“Look closely at the present you are constructing. It should look like the future you are dreaming of.” – Alice Walker
The Ecological Agenda sits within the context of planetary boundaries as the safe operating space for humanity. We live in the anthropocene i.e. an era where humans are the dominant reason for climate change. So this agenda talks about how we can honor the environment by making more conscious purchase decisions as consumers and by educating ourselves on the raw materials that are used to make our garments and how that impacts the Earth.
Fast Fashion and its Causes
Fast fashion is the term that we use to describe clothing items and their quick movement from the runway to our wardrobes. Literally going by its name, there has been an increase in the pace at which fashion is delivered to the consumers, since the beginning of 2000’s. If we go to the bottom of this issue, we’ll realize how our constant “want” for new trends is the root cause of this movement. Zara and other fast fashion brands hide quite a dark picture behind their bright lit stores and super speedy supply chains. According to a study, it was found that Zara launches more than twenty collections in a year. Earlier, brands used to generally design two or three collections per year according to the seasons. This rapid rate at which consumers are being provided with new options and designs feeds into their desire to buy more, therefore becoming a part of this toxic cycle. What we fail to see is that there are a lot of social, ecological, economical and cultural agendas related to this issue. Apart from being given various options to choose from, one of the reasons for this concerning practice is that the majority of the consumers cannot afford the clothing provided by luxury brands. Fast fashion brands read the consumers’ minds and make crazy amount of profits out of our desire by providing similar trends as luxury clothing but at a consumer friendly price. But putting the blame entirely on the brands wouldn’t be fair to them either because if we notice at our personal levels, I’m pretty sure we’ve all noticed how repeating clothes is actually “looked down upon”. Due to this, people have reduced the number of times they repeat an outfit, therefore increasing the need for more options.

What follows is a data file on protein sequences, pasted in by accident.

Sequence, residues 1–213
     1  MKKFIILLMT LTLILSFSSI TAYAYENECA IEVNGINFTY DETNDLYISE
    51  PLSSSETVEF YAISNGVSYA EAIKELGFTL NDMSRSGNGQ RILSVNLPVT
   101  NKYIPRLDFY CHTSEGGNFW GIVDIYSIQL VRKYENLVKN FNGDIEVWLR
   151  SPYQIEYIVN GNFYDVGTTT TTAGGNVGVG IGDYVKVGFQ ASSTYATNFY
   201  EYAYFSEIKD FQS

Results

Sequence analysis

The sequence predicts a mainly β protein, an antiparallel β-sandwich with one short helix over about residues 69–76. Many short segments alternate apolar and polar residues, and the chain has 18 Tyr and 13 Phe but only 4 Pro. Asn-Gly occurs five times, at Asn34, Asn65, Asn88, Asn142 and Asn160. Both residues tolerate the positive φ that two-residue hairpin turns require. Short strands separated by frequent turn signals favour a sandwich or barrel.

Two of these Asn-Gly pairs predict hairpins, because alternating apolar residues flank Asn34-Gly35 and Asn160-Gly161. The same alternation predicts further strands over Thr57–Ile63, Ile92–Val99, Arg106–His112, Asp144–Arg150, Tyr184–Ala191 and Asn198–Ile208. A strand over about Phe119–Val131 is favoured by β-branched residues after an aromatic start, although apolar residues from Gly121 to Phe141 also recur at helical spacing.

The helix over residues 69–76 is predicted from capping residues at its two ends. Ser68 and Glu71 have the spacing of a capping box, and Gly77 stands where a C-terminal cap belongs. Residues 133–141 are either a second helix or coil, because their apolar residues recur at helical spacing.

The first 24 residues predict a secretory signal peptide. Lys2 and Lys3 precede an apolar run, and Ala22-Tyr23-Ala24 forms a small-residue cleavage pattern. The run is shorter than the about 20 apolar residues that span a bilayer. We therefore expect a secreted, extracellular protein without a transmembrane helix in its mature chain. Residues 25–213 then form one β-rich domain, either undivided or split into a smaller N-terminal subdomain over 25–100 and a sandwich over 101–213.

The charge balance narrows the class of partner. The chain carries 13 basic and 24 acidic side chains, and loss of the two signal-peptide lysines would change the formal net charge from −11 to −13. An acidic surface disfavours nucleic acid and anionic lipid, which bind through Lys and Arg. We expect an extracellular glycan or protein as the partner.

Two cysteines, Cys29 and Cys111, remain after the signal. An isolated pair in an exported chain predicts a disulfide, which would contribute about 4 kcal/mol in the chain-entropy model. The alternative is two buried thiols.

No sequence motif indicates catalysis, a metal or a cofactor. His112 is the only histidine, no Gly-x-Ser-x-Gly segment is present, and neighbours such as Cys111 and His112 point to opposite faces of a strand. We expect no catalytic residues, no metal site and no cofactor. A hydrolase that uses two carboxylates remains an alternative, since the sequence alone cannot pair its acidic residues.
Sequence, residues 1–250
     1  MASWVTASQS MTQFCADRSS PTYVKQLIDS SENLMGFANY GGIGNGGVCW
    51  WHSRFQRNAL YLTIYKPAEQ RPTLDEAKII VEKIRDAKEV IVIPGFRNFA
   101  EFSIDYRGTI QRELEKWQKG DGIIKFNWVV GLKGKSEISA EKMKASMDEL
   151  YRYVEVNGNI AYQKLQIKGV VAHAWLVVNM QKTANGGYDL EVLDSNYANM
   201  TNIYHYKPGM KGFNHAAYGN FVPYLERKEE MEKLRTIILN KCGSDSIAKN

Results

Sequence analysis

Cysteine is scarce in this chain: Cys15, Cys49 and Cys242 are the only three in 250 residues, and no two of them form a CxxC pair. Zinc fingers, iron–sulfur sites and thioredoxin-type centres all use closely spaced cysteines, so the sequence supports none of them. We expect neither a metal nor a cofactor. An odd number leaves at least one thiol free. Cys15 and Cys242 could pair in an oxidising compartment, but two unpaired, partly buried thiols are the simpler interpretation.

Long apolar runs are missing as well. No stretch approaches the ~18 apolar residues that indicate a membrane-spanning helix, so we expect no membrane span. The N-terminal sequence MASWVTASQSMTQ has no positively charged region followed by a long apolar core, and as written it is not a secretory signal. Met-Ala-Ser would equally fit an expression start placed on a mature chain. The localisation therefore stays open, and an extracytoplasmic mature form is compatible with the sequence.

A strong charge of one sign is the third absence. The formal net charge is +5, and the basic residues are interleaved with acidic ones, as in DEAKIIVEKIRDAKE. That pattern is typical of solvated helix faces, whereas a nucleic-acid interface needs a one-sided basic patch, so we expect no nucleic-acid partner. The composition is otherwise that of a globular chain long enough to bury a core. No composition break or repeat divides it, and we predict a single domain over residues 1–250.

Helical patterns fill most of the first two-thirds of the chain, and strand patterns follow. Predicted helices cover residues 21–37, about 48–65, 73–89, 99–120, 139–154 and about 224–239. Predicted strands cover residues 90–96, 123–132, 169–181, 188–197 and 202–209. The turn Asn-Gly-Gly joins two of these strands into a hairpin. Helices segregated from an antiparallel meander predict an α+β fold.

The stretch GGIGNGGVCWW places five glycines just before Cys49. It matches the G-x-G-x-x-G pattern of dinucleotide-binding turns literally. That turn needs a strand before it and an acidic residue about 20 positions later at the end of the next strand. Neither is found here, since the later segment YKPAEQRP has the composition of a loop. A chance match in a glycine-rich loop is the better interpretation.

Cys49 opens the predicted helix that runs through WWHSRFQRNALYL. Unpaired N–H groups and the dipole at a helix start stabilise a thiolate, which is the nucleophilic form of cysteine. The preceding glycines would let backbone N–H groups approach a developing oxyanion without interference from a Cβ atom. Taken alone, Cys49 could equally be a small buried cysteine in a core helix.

Solution: Slow Clothing!
In Jane Milburn’s words “Slow clothing is a philosophy. It is a way of thinking about choosing and wearing clothes to ensure they bring meaning, value and joy to everyday.” Slow fashion basically addresses slowing down the rate at which the fashion industry is moving today by decreasing the clothing production and consumption rate and instead supports the idea of longevity of our clothing.
The first step to slow this cycle down would be to educate ourselves regarding our buying habits and asking ourselves why we’re buying something before we make a purchase because what we don’t realize is that we, as consumers, have so much power to improve the situation if we try to makeup for the loss by just being more conscious, more aware and more empathetic towards the Earth. Our priorities should focus on the philosophy of “less is more”, high quality clothing, sustainable materials, and ethical clothing production as soon as possible. Supporting local designers and traditional crafts instead of high-end fashion brands could be beneficial in transitioning to a better future. I think it’s high time that we re-think our needs, oppose the twenty year old fast fashion model, say “no” to fast fashion and “yes” to conscious fashion and making clothes with integrity, change our approach and follow Vivienne Westwood’s words: “Buy less, choose well and make it last.”
By Vasavi Mehta
(Picture Credits: Google images)